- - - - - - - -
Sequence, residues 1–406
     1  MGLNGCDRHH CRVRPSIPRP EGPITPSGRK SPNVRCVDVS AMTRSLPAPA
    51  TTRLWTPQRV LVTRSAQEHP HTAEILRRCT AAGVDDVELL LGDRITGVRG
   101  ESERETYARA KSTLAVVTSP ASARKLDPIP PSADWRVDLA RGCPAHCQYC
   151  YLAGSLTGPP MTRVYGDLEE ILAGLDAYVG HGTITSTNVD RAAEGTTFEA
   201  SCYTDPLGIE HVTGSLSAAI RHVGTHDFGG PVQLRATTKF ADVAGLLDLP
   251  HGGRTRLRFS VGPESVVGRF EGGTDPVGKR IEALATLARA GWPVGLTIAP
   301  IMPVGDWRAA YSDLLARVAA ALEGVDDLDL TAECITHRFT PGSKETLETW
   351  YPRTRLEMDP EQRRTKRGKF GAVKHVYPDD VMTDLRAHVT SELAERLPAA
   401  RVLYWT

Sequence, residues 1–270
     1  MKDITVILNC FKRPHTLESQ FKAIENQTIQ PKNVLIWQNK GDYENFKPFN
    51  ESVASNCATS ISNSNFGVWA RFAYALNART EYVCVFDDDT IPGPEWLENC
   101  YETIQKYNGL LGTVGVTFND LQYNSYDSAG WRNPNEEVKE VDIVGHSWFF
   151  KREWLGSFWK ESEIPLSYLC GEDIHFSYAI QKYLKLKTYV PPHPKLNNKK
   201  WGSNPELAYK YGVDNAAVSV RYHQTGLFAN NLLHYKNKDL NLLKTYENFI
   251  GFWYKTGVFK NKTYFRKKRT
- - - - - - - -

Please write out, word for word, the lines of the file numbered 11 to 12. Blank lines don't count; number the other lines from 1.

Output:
Sequence, residues 1–270
     1  MKDITVILNC FKRPHTLESQ FKAIENQTIQ PKNVLIWQNK GDYENFKPFN